To date, there has been much quantitative research conducted on sexting, often with a focus on investigating its prevalence among young people and which also typically presents the behaviour as deviant and risky. As a result, less is known about the everyday nature of sexting, and the various reasons and motivations regarding why individuals engage in the behaviour beyond a simplistic framing of the behaviour as risky and deviant. The present study was qualitative in nature, involving in-depth interviews with 40 young people aged 18–25 years, exploring their perceptions and experiences of sexualised culture. Sexting was a topic of discussion and it is this issue that is the focus of this paper. Interviews revealed the different encounters in which sexting occurred including within the contexts of casual sexual, dating and intimate relationships, and in a non-sexual peer context with friends, in addition to the varied motivations, reasons, and feelings associated with these experiences. Findings therefore provide further understanding and knowledge of the everyday and varied nature of sexting, contributing to the emerging research literature focusing on a qualitative approach that explores everyday negotiations and experiences of sexting and which moves discussions beyond focussing primarily on prevalence, risk and harm.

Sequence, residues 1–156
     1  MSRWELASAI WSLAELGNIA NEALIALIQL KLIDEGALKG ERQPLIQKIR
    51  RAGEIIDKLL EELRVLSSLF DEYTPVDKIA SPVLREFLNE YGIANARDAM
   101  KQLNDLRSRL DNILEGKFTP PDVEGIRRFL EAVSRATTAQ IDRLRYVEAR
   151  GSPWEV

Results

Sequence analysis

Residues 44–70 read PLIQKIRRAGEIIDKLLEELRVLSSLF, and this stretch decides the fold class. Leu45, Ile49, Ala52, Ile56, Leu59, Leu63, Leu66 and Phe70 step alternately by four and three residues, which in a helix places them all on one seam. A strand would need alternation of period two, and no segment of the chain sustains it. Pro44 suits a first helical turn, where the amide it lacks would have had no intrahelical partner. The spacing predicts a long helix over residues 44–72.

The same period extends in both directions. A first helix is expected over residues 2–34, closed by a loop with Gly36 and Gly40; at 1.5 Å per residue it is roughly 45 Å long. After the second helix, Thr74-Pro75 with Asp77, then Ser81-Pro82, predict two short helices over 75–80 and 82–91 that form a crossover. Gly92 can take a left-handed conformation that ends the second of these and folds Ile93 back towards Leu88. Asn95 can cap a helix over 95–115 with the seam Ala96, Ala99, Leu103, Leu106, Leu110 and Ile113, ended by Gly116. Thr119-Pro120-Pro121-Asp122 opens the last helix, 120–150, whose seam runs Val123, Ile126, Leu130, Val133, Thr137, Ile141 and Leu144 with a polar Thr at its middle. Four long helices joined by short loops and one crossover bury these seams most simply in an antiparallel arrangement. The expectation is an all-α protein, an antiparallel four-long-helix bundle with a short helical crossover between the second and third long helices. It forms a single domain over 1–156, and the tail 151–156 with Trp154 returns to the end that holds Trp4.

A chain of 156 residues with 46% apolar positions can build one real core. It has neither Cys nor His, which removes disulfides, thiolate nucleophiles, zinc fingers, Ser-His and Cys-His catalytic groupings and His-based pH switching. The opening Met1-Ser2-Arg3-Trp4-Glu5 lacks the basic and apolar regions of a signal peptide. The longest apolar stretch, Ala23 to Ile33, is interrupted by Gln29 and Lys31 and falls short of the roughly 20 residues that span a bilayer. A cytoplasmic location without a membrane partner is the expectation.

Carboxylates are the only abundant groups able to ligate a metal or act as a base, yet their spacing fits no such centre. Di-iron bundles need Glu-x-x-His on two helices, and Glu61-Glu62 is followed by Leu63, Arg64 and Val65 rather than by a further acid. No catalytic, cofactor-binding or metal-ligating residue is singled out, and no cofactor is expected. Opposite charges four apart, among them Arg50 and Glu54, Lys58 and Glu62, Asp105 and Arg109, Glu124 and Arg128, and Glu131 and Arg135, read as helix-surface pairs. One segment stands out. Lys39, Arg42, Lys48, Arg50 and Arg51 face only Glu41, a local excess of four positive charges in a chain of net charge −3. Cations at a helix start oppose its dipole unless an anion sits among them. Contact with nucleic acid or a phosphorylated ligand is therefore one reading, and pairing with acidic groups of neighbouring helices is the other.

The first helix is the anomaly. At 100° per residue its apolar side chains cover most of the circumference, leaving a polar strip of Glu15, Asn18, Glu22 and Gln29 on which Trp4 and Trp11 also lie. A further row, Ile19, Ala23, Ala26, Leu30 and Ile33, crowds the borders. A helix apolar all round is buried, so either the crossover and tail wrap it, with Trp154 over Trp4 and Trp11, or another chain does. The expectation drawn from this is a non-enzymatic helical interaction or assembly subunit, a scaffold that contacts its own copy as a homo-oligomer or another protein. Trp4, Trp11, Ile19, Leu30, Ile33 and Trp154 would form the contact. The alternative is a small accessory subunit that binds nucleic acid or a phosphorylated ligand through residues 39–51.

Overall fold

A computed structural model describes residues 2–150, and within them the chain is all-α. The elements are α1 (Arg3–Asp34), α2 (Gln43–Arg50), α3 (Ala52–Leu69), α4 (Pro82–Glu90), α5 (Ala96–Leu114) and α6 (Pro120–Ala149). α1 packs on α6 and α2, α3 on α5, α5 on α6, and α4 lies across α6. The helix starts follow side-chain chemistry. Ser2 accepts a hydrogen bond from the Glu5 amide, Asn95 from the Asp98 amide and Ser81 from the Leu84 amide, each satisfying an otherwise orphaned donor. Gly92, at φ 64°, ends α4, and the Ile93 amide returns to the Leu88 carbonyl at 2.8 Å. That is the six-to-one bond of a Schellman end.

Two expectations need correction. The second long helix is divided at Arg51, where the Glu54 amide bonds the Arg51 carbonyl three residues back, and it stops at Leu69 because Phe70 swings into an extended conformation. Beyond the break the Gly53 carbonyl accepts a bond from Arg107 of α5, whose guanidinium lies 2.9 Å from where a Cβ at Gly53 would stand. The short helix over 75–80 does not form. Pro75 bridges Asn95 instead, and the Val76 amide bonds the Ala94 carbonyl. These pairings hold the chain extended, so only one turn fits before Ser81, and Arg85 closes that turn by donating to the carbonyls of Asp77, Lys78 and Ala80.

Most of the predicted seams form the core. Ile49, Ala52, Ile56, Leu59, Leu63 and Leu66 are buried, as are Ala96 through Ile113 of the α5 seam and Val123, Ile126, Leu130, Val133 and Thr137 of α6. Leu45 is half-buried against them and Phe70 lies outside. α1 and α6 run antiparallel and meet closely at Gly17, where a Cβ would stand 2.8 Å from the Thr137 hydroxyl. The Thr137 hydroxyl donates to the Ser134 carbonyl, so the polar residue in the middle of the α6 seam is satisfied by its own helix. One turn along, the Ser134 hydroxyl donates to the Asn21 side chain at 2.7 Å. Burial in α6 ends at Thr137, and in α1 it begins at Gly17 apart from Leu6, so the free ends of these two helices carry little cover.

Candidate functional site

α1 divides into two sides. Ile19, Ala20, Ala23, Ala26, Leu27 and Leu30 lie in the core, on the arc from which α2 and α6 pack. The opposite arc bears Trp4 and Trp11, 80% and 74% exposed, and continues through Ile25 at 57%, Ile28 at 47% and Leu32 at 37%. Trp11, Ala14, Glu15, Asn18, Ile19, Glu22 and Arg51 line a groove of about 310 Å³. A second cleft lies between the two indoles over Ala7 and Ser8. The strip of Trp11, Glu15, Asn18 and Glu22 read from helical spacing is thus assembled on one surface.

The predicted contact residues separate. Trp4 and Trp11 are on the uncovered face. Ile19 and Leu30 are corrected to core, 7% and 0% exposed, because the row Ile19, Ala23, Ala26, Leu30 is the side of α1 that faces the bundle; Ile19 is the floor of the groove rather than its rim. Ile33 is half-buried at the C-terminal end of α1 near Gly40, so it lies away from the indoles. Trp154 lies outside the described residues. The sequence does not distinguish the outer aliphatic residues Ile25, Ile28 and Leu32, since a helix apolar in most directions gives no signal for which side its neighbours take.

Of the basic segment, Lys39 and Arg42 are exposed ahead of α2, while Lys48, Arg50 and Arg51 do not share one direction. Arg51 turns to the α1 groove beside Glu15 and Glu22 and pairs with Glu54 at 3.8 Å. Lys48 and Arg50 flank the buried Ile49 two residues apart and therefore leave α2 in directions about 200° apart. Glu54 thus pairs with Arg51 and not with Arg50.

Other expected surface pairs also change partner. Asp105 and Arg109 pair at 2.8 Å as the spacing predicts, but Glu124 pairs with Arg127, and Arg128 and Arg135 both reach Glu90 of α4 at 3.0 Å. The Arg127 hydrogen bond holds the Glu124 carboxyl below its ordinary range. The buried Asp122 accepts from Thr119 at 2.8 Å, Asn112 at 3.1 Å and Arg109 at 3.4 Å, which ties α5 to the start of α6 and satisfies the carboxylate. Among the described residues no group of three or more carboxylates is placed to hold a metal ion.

Sexting Young adults Qualitative Sexualised culture Consent